Archive for August, 2013

Slowest Start To A Hurricane Season On Record

Posted in General Discussion on August 25, 2013 by McKinley Pitts

From Real Science Blog…

Real Science

Obama says that hurricanes are getting worse, based on some research done at the Choom Climatological Institute.

As we approach the end of August, there have been no Atlantic hurricanes. By this date in the year 1886, there had already been seven hurricanes – including three major hurricanes, one of which wiped the city of Indianola, Texas off the map.

ScreenHunter_357 Aug. 24 09.14

1886 Atlantic hurricane season – Wikipedia, the free encyclopedia

A kinder, gentler natural hurricane from 1886

ScreenHunter_359 Aug. 24 09.46

Obama’s presidency has also seen the fewest US hurricane landfalls of any president. Three hurricanes have hit the US while he was in office, compared to twenty-six while Grover Cleveland was in office.

ScreenHunter_19 May. 08 06.04

Chronological List of All Hurricanes

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I COMMAND You to Read The Fortunes of Permanence by Roger Kimball.

Posted in General Discussion with tags , on August 20, 2013 by McKinley Pitts

I’m having a hard time sticking with books here lately for some reason. (Age!) One I am enjoying, however, is The Fortunes of Permanence by Roger Kimball. Stellar.

Jay Nordlinger’s five part review in NRO (the review is great!):

http://www.nationalreview.com/article/347406/important-part-i
http://www.nationalreview.com/articles/347538/important-part-ii
http://www.nationalreview.com/article/347605/important-part-iii
http://www.nationalreview.com/article/347791/important-part-iv
http://www.nationalreview.com/article/347834/important-part-v

Roger’s Rules » Bright Spots in the Bubble: The Case of St. John’s College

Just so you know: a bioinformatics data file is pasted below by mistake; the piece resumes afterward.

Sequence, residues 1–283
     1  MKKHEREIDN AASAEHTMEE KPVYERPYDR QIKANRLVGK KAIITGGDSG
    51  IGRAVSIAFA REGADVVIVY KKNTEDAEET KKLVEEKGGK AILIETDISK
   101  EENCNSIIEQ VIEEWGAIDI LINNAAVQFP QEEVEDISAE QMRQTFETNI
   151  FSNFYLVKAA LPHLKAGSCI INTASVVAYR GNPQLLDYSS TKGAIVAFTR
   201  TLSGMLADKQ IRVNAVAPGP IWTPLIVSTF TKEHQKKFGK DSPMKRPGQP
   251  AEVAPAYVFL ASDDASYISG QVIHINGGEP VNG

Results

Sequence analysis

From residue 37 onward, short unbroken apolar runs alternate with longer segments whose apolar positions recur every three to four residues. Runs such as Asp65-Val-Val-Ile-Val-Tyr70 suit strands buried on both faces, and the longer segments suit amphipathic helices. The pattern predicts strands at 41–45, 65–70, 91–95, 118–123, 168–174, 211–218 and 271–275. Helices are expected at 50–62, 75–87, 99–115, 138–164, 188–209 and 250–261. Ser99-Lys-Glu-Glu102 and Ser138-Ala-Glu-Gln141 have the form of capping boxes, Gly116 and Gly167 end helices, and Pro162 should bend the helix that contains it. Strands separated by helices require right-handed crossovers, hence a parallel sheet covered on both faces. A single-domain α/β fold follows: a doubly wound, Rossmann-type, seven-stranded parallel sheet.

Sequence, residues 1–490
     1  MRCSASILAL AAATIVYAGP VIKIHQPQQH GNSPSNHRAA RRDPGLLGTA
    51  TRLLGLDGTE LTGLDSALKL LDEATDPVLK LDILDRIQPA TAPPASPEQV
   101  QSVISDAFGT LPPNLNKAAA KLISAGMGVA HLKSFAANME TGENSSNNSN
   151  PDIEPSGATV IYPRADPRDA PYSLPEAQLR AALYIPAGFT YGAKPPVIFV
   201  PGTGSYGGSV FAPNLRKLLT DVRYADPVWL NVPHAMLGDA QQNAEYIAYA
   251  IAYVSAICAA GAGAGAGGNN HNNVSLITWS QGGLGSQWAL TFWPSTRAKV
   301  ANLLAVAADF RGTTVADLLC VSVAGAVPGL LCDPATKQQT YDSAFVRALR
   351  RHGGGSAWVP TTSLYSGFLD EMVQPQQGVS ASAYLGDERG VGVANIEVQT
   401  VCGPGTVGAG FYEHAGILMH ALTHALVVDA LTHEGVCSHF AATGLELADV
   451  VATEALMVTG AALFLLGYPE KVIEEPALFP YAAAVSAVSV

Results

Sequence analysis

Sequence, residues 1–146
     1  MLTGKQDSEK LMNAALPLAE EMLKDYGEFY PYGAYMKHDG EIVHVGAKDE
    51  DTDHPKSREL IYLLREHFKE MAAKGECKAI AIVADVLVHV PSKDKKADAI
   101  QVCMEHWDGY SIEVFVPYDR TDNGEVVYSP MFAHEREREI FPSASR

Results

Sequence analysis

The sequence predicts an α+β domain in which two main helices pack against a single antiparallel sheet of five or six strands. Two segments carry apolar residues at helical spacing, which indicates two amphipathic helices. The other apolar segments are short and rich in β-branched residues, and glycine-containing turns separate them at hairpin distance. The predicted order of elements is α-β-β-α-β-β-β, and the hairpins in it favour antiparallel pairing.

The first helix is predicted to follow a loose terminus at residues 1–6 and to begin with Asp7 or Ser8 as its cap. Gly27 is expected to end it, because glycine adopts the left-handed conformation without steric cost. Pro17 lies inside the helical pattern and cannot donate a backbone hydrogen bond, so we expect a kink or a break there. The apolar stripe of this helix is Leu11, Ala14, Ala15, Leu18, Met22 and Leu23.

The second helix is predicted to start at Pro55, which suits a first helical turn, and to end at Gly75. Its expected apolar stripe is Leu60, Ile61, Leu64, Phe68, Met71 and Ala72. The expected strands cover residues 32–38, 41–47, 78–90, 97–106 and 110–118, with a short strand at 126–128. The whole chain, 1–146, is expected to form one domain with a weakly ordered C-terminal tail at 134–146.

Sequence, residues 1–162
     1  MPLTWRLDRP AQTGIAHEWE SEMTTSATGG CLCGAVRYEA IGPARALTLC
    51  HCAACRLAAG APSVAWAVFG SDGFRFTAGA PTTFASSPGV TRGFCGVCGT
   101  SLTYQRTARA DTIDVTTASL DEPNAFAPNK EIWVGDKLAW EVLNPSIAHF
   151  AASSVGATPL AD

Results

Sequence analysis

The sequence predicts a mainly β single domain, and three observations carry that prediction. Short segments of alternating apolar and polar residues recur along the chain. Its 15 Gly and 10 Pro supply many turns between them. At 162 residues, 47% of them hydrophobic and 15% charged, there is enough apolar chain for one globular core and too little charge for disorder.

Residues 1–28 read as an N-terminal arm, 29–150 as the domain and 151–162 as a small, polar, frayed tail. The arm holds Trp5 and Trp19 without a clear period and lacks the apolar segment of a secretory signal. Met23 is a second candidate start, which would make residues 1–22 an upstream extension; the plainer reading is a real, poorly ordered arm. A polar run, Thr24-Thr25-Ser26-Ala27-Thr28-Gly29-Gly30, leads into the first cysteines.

Posted in Higher Education with tags on August 20, 2013 by McKinley Pitts

“There is something curiously pregnant about silence among a small group of people sitting around a table, especially when they are confronted with a question. Thirty seconds seems like a long time. A minute is nearly unbearable.”

via Roger’s Rules » Bright Spots in the Bubble: The Case of St. John’s College.

Roger Kimball: Roger’s Rules

Posted in Big Government on August 19, 2013 by McKinley Pitts

Quote: How does despotism come to a modern democracy? Tocqueville thought it was by means of the regulatory state, which “extends its arms over society as a whole.”

[I]t covers its surface with a network of small, complicated, painstaking, uniform rules through which the most original minds and the most vigorous souls cannot clear a way to surpass the crowd; . . . it does not tyrannize, it hinders, compromises, enervates, extinguishes, dazes, and finally reduces each nation to being nothing more than a herd of timid and industrious animals of which the government is the shepherd.

via Roger’s Rules.

From The American Spectator : Sex and the Psychotic Professor

Posted in Big Government, Higher Education on August 19, 2013 by McKinley Pitts

“We are not converts of Rousseau; we are not disciples of Voltaire. Atheists are not our preachers; madmen are not our lawgivers.” What Burke said of England in 1790 cannot be said of America in 2013, where atheists and madmen and the disciples of radical philosophers hold high office and other positions of prestige.

via The American Spectator : Sex and the Psychotic Professor.

Cranmer: Christians are being slaughtered by Wahhabi Islamists all over the world: who is their Stephen Fry?

Posted in Christianity, Faith on August 18, 2013 by McKinley Pitts

Cranmer: Christians are being slaughtered by Wahhabi Islamists all over the world: who is their Stephen Fry?.

Benjamin Disraeli

Posted in First Things with tags on August 18, 2013 by McKinley Pitts

I am a Conservative to preserve all that is good in our constitution, a Radical to remove all that is bad. I seek to preserve property and to respect order, and I equally decry the appeal to the passions of the many or the prejudices of the few.

Benjamin Disraeli KG, PC, FRS, Earl of Beaconsfield. (Prime Minister, Great Britain 1868, 1874-1880)

via Cranmer.